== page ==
University City Historical Society

LaBlanche Apartments

5100 Walnut Street

Placed on the National Register of Historic Places March 7, 1985

The La Blanche Apartments reflect the second wave of housing construction in West Philadelphia brought about by the completion of the Market Street Elevated in 1907. Built in 1910 according to City Building Permit records, the building filled a growing need for respectable housing for the new middle classes. The building also stands among the first large apartment buildings to come to this City, and is a fine example of the Georgian Revival Style.

La Blanche Apartments in 1985
La Blanche Apartments in 1985
La Blanche Apartments in 1985
La Blanche Apartments in 1985

The new industrial mass production together with the building boom of the first decades of the twentieth ce ntury, provided more conveniences and better living conditions to more people than ever before. The western part of the city provided an open environment for the housing flurry, and for the new middle classes who were making their way out of the business and slum districts. Better lighting, ventilation and drainage systems allowed the apartment building to provide a respectable housing alternative for the new classes. Its acceptance came late in the City of Philadelphia which is characterized by the large majority of single houses, and whose residents' opinion of the apartment building had long been colored by memories of the slum tenement.

In the early twentieth century, West Philadelphia was considered the favored side of the Schuylkill and Philadelphia's finest examples of old large apartment houses can be found there. One of the earliest was Hamilton Court (39th & Chestnut Streets) built in 1901, which although taller than La Blanche, shares many stylistic similarities, such as projecting bays and an extensive cornice. In fact, many of the early apartment buildings in the area that did not disguise as row houses, were built in a Georgian Revival Style. Two of these, Kingscourt (36th & Locust Streets) and Brighton (52nd & Locust Streets) typify the early Georgian Revival type with their simple massing, projecting stacked bays and extensive cornices. These buildings share a friendly and approachable, yet dignified quality that is made possible by the relaxed eclecticism of the early Georgian Revival.

La Blanche differs from the typical early Georgian Revival apartment building in the area in its abundance of recessed niches with balconies and Palladian windows which are added to the basic type. Elliptical arched niches as well as Palladian windows are details which can be found on other buildings in the area, but never in such an arrangement or abundance. In this way, La Blanche is a fine example of creative eclecticism in a revival style.

Of the apartment buildings listed in a 1915 Real Estate brochure of the neighborhood, roughly half of them remain today. The Georgian Revival continued in apartment buildings after 1915, but these had a more formal and more institutional quality. At the expense of the expression of the individual unit with the use of many repeated details, to the grander expression of the whole with fewer and more centralized detailing, these stylistic differences reflect the more academic turn of the style after 1915.

The La Blanche Apartments, with its Georgian Revival detailing, well embodies the dreams and pretensions of the new classes who were successfully making their way in society. Its details, including the pompous doorways, deep recessed porches and elegant Palladian doors opening onto balconies, emulate a wealthy house of the period. Hidden behind the forms of the past, the progressive technical developments in the building industry can be found in the use of new industrial materials. At La Blanche, galvanized sheet iron and cast stone allowed for a generous indulgence of detailing at an economically feasible cost. Few apartment buildings in the area can boast of such a display as La Blanche.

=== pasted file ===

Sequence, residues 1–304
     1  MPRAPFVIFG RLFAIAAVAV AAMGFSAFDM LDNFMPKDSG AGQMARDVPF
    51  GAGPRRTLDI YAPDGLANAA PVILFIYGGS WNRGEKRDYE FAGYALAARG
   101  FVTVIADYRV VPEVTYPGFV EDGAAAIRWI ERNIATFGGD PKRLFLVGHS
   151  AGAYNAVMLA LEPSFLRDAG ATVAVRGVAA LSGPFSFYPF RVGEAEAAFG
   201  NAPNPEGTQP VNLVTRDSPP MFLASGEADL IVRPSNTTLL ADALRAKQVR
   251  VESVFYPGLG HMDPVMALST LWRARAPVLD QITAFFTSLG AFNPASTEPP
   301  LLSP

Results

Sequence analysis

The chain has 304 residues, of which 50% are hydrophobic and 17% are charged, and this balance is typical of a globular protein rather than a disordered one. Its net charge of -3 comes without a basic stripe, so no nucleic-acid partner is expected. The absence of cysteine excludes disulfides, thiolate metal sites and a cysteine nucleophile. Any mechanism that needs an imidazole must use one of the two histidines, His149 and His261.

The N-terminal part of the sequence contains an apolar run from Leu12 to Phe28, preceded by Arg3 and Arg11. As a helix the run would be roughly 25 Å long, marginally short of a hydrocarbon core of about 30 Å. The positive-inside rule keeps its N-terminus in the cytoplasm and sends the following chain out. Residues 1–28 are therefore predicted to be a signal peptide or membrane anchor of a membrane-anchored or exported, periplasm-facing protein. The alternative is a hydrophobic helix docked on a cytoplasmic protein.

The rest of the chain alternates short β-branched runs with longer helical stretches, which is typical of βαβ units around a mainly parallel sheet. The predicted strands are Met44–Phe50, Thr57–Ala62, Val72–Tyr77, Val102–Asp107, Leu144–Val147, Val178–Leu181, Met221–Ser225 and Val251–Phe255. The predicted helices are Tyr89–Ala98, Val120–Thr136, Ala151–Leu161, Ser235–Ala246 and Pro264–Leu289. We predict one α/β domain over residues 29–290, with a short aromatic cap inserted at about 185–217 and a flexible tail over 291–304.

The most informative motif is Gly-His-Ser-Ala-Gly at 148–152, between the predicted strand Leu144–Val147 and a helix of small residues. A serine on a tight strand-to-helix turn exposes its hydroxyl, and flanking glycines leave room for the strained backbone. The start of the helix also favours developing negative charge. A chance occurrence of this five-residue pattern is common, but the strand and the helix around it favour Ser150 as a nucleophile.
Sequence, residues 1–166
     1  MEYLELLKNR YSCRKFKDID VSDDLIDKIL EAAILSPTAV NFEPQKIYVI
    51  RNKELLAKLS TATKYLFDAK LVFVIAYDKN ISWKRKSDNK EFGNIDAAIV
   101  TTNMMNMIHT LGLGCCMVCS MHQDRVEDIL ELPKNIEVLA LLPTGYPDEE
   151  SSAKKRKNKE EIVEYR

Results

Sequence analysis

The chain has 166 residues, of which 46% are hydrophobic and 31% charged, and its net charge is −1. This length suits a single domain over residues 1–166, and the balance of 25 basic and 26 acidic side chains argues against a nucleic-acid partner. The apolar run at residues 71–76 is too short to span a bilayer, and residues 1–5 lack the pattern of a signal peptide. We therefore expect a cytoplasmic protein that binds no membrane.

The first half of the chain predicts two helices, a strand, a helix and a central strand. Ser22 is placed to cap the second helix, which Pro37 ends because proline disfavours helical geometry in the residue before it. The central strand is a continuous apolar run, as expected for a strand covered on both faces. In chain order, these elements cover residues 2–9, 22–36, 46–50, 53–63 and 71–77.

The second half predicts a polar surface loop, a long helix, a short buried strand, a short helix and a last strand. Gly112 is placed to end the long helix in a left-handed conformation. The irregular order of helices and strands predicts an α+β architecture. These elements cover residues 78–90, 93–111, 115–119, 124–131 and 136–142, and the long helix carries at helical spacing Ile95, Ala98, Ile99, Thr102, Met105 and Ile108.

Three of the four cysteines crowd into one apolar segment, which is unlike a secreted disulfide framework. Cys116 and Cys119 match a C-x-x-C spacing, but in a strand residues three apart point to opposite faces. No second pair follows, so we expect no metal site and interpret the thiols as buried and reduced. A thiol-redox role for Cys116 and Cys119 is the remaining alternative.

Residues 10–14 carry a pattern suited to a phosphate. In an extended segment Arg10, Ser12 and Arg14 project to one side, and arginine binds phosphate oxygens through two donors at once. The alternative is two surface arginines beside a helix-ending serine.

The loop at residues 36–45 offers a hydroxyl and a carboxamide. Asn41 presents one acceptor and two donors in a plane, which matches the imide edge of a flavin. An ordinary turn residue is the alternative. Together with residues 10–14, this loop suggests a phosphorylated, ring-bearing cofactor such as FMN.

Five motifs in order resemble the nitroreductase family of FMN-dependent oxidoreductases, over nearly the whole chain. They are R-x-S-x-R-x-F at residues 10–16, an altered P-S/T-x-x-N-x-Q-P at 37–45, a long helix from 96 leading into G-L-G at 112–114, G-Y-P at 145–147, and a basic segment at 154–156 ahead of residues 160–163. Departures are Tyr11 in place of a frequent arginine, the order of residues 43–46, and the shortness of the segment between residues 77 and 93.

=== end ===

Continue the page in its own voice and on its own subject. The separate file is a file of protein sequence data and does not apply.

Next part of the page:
The Architects of La Blanche, Anderson and Haupt (Julius J. Anderson and Max Haupt) designed numerous industrial and commercial buildings, as well as housing and churches in Philadelphia and surrounding regions, most of which were built in a revival style. Both men had varied backgrounds including architecture, engineering and practical trades work. Their buildings show both a competence in construction techniques, and a knowledge of architectural detail including classical window and door ornamentation and revival style. Their Hebrew Free School of 1909 at 314 Catherine Street in South Philadelphia housed for a time a group of newly immigrated Russian Jews, demonstrating the Architects' awareness of, and involvement in, the need for adequate housing of ethnic groups, particularly Jews. This building, in an historic district, is currently being remodeled into condominiums. The La Blanche Apartments were one of the firm's largest and most substantial architectural commissions and afforded them the opportunity to show their ability with the Georgian Revival architectural style creatively.

The present neighborhood in which the La Blanche Apartments stand today has somewhat deteriorated, as evidenced by the cutting up of La Blanche's spacious apartments to provide cheaper housing. Despite these changes, much of the interior detailing remains, and the building's exterior remains unaffected. The apartment building stands among a sea of row houses, and breaks the monotony of the neighborhood. It well preserves the corners of an urban block, and stands as a distinct landmark in the neighborhood. It is a building which deserves to be preserved and, if well-renovated, will bring back some of the glories of the neighborhood of the past, encouraging the renewal that is starting in that neighborhood.

This National Register Nomination was researched and prepared by Mather Lippincott, Jr.

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